AUTHORITIES must move faster to cut electricity costs in order to breathe life into the country’s beleaguered garment industry, according to recommendations from a new survey of sector managers, which highlights widespread impacts from the global economic crisis while at the same time suggesting room for cautious optimism.
The report, released this week by the International Labour Organisation (ILO), presents a snapshot of the country’s key export industry, which has been hit hard by the global economic crisis.
Of factory managers surveyed, 88 percent reported being negatively affected, citing falling export orders, increasing costs and pressure from buyers to reduce prices as the main concerns.
“Many firms have reduced price in order to survive the global economic slowdown,” the report states.
Such pressures have seen factories shed employees and struggle to reduce costs in an attempt to stay afloat. At least 45,000 workers were laid off last year, Ministry of Labour statistics revealed in March.
Of the 66 factory managers surveyed, more than half reported having to adjust their workforce to cope with the crisis; one-fifth said they resorted to terminating permanent employees.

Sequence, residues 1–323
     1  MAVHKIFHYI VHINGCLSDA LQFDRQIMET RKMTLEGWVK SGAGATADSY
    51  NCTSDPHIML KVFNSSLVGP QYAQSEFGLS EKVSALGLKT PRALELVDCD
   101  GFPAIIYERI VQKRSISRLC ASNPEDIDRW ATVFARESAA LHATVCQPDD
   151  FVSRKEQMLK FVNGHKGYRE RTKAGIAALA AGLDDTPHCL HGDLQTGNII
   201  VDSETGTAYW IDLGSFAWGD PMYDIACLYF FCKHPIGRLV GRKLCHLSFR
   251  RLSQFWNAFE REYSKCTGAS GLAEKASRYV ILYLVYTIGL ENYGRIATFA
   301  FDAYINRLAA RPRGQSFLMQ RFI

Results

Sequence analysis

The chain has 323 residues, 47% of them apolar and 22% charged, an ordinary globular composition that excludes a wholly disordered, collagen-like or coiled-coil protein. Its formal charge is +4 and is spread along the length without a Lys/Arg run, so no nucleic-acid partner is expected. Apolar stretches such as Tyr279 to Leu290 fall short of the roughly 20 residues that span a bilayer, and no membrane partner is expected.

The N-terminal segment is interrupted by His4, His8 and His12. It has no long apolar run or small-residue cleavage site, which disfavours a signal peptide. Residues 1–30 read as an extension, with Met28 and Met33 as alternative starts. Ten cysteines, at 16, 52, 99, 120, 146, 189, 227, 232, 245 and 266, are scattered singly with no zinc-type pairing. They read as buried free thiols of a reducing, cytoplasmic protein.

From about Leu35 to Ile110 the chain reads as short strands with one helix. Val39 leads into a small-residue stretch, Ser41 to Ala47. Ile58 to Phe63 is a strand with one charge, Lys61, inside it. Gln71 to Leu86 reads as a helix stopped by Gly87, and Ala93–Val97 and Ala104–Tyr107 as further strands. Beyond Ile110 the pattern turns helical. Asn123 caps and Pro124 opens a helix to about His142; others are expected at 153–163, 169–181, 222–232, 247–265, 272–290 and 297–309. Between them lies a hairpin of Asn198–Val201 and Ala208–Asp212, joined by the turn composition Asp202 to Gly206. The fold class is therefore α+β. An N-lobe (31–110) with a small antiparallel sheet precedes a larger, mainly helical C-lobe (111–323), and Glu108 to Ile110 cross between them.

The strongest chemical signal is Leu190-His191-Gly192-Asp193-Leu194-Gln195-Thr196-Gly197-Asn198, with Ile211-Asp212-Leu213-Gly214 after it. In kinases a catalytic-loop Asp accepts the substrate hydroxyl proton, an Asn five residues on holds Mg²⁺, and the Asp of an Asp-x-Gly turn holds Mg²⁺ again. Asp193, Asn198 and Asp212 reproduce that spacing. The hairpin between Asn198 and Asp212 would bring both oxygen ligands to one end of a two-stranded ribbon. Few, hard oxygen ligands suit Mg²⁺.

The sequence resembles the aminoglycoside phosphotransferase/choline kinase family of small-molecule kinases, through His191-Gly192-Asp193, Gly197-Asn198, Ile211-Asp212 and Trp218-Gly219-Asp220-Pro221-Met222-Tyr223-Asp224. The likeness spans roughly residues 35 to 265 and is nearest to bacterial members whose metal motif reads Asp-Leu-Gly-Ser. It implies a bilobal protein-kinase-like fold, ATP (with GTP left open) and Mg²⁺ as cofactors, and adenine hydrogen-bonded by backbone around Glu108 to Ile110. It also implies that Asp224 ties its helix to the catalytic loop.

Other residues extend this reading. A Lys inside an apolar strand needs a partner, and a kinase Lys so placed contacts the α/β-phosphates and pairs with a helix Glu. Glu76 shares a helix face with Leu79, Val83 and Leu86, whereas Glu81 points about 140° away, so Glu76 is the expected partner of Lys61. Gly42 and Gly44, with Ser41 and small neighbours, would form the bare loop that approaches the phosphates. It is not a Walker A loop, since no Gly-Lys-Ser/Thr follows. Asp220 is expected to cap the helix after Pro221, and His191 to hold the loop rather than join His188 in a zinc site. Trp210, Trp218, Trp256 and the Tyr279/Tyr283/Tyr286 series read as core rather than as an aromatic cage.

“These job losses potentially leave laid-off workers vulnerable to various forms of risky employment, exploitation, unsafe migration and trafficking,” the report states.
The report suggests an urgent need to break down critical constraints identified by factory managers, who specified high electricity costs as the chief concern.
The ILO acknowledged that the government has made moves to increase its energy supply and reduce costs, which are considered among the highest in the region.
“However, there remains an urgent need to identify shorter-term strategies for lowering electricity costs, such as accelerating the import of electricity from neighbouring countries and accelerating investment in hydropower projects,” the report states, arguing that lower electricity costs would make the industry more competitive.
However, the survey also noted that 60 percent of managers said they planned to hire new workers in the next 12 months, and more than half anticipated stronger demand for their products in the coming year, suggesting there may be some room for optimism.
“Although merely an expectation, this may suggest that the worst is now over for the garment sector,” the report states.
An industry representative said factories have seen an improvement in demand this year, but prices remain alarmingly low.
“Currently, the situation has improved in that there are now orders coming to garment factories,” said Ken Loo, the secretary general of the
Garment Manufacturers Association of Cambodia (GMAC). “However, the price levels of these orders are still very weak, meaning the factories may or may not be able to make any profit from these orders.”
During the 15th Government-Private Sector Forum Tuesday, Finance Minister Keat Chhon said the government will continue waiving its 1 percent monthly advanced profit tax through 2012, as well as helping to pay 0.3 percent of occupational-risk funds for garment workers until year's end.